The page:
Take advantage of extracurriculars

I have used my column in The Flor Ala as an opportunity to try to bring to light some funny things I see on campus—poorly. Instead of writing a rant of failing jokes, I want to talk about something of greater importance: getting a job out of college.

I like to think my peers came to UNA to be the most prepared and marketable candidates they can. Does that mean having a 4.0 GPA? I like to think not (or that’s what I try to convince my parents of every semester after finals). I like to think a 4.0 could potentially hurt you—let me finish before you put the paper in the one recycle bin on campus.

The Friday of winter break, I went to Montgomery to tour the Hyundai production plant and participate in a forum with two of the company’s vice presidents.

This trip was phenomenal. As a student studying public relations and marketing, I took a lot from this day. I snagged some impressive business cards and gained valuable experience. Ashley Frye, Hyundai vice president for production, told me the most important advice I can give you for the changing job market is always go above and beyond. When given a task by your employer, ask “what else can I do to help?”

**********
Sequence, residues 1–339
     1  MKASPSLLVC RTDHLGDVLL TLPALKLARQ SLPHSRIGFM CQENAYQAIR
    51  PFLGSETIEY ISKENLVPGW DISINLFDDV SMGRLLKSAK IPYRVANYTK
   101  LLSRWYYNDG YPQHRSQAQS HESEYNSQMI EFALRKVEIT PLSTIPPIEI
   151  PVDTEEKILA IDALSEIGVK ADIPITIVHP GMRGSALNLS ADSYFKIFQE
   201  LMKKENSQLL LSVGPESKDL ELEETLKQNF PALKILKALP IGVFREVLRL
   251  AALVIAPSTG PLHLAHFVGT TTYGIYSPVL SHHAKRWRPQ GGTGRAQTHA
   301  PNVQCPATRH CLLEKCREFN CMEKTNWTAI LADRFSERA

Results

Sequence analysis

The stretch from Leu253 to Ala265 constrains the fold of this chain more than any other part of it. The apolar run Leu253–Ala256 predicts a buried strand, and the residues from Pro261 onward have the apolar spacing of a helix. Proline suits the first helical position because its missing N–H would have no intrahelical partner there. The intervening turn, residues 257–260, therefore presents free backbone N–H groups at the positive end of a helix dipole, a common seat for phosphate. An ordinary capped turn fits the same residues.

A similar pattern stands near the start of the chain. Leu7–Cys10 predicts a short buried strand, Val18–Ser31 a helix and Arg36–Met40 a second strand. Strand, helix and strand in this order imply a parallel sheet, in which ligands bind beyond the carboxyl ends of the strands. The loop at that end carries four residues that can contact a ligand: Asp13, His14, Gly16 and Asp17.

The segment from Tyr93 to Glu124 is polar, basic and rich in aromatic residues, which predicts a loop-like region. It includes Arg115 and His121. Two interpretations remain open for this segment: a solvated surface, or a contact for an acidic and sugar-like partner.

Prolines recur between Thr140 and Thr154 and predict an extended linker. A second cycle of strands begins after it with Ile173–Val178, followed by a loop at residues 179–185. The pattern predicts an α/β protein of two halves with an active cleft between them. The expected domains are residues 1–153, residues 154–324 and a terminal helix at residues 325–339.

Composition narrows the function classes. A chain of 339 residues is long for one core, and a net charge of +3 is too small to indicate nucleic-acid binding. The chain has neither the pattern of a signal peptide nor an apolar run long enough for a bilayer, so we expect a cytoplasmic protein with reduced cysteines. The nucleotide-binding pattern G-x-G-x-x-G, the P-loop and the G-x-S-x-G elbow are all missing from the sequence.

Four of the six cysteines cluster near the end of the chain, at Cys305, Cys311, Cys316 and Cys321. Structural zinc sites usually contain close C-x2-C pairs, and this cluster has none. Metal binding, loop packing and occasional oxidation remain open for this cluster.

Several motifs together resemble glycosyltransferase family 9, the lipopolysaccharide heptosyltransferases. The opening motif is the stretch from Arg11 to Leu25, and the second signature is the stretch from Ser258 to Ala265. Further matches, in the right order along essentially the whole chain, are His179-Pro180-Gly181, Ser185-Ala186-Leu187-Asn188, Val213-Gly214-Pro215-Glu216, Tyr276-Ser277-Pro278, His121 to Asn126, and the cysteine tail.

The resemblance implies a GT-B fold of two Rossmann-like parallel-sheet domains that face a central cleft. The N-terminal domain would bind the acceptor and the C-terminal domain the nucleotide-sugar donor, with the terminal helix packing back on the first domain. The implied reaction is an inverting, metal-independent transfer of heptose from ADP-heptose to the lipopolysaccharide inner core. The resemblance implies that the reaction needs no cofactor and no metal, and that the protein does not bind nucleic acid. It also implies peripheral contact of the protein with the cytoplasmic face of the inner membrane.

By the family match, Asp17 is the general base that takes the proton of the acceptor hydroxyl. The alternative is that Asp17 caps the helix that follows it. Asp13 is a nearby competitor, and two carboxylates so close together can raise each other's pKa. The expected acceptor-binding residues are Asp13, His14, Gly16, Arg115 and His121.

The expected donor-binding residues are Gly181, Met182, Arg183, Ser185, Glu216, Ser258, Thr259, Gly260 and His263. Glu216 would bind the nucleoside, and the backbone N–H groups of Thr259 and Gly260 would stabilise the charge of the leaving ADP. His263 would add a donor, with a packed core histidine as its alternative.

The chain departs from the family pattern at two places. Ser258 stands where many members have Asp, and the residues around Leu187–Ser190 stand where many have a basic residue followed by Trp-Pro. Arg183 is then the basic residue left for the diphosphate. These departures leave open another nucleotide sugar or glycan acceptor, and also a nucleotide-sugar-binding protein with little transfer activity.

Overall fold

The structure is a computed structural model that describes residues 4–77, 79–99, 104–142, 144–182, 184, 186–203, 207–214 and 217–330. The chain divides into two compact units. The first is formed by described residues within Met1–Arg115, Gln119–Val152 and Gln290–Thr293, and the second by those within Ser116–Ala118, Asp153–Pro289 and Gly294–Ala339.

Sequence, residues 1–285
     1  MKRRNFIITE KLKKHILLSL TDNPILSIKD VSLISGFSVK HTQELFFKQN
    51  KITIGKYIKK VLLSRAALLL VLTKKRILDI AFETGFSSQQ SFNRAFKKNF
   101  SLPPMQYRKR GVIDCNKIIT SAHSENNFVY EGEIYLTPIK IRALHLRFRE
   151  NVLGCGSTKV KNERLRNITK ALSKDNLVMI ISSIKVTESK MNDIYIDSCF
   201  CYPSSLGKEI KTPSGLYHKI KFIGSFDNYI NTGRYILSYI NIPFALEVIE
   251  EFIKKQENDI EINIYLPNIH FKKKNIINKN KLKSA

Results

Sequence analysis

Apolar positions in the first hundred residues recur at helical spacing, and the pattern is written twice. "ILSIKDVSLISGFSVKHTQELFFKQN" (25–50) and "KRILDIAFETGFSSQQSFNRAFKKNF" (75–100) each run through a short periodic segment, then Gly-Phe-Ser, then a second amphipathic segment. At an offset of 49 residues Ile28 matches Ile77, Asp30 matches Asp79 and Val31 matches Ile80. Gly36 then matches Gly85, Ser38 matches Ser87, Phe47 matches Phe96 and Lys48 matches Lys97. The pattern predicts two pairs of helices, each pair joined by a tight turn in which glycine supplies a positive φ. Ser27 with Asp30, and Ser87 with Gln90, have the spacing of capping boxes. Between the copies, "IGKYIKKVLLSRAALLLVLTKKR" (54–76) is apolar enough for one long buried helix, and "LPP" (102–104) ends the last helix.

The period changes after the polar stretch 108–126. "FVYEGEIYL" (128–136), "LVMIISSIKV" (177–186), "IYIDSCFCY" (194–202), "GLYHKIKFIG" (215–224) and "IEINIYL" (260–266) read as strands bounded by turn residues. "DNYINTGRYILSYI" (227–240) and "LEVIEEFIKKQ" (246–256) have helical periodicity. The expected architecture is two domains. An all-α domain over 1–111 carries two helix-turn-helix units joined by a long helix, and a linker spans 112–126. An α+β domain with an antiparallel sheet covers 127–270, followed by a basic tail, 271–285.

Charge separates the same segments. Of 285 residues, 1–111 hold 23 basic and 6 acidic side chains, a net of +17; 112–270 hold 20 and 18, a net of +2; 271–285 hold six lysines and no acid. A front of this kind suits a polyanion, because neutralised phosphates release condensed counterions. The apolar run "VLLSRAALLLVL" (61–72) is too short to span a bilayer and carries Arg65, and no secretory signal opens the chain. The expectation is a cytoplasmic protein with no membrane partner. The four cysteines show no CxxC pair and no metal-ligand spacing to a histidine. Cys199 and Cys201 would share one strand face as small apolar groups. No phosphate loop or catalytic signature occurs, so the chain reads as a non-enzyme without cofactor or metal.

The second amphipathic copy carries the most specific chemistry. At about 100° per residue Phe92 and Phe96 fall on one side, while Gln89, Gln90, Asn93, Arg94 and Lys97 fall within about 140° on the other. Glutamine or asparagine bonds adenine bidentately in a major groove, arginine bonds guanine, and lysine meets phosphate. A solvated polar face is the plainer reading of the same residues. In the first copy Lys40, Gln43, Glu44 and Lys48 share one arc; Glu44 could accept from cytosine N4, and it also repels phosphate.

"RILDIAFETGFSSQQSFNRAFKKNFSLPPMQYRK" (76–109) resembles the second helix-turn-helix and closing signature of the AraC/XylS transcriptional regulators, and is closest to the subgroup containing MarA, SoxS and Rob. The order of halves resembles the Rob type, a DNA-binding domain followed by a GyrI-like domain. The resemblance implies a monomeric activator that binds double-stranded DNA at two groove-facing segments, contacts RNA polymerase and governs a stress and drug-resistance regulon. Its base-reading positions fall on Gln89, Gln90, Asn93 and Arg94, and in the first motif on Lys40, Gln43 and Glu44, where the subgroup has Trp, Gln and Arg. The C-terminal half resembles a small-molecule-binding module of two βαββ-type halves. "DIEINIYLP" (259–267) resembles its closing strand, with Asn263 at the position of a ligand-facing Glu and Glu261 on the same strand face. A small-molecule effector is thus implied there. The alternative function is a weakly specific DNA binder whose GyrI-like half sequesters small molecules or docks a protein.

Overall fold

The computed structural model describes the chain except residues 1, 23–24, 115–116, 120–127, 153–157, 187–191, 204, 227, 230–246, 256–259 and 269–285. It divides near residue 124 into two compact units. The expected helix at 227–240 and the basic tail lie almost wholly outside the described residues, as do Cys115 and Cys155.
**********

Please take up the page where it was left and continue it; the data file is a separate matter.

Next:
Consequently, I realized if robots decided to take over the world they could easily do so after looking at the technology at the plant.

On my four-hour drive back to Florence, I asked some of the international and domestic students who participated in the the free trip—organized by Dr. Santanu Borah, professor of management and marketing—why they spent their holiday this way. Their response was like mine; they knew how important it would be in a competitive job market to take advantage of every learning opportunity outside the classroom and shake as many hands as possible.

A question I often ask of employers is “what do you look for in an applicant?” The response is continually a resume that shows the candidate took the initiative to gain as much experiential learning from various opportunities. I usually follow up my original question with, “Does a 4.0 GPA equate to a profitable employee?” Continually, the response is a resounding “no.”

I think education is fundamental and wish I had a better GPA, but I would never exchange it for the extracurricular actives I have been a part of. Some are capable of having both a perfect GPA and being active. Those people suck. You know who you are, and—if you’re available—I could use some tutoring in my math class.